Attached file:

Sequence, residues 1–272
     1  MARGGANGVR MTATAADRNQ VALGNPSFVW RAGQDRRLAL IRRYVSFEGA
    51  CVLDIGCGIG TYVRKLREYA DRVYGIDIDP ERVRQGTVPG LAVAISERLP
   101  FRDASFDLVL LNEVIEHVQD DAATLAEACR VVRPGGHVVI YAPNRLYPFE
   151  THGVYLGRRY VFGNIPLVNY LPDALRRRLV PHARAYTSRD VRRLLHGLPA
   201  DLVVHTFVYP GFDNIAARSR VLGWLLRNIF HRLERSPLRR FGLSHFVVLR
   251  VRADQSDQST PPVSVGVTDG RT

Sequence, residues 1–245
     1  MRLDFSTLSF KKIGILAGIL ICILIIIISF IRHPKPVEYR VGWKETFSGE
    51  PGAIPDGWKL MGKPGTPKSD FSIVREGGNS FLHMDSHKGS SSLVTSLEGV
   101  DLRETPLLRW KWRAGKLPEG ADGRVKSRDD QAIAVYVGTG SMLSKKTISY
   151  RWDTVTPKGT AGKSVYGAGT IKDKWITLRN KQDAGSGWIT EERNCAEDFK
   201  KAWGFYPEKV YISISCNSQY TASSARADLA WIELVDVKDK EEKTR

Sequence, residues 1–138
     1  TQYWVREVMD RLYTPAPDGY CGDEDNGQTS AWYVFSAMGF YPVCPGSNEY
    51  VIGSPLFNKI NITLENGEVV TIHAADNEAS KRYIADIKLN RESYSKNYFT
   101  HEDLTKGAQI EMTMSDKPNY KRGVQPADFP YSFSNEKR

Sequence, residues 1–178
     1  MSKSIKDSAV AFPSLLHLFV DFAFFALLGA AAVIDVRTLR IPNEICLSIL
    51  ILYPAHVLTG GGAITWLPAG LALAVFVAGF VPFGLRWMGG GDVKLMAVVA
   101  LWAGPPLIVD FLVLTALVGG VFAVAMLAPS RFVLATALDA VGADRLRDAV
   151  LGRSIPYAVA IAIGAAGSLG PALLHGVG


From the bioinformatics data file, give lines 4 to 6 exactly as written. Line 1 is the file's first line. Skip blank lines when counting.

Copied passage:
   101  FRDASFDLVL LNEVIEHVQD DAATLAEACR VVRPGGHVVI YAPNRLYPFE
   151  THGVYLGRRY VFGNIPLVNY LPDALRRRLV PHARAYTSRD VRRLLHGLPA
   201  DLVVHTFVYP GFDNIAARSR VLGWLLRNIF HRLERSPLRR FGLSHFVVLR